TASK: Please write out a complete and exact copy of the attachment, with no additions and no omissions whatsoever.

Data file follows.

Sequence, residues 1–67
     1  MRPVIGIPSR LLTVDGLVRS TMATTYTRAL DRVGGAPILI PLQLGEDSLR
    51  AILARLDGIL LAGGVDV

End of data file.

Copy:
Sequence, residues 1–67
     1  MRPVIGIPSR LLTVDGLVRS TMATTYTRAL DRVGGAPILI PLQLGEDSLR
    51  AILARLDGIL LAGGVDV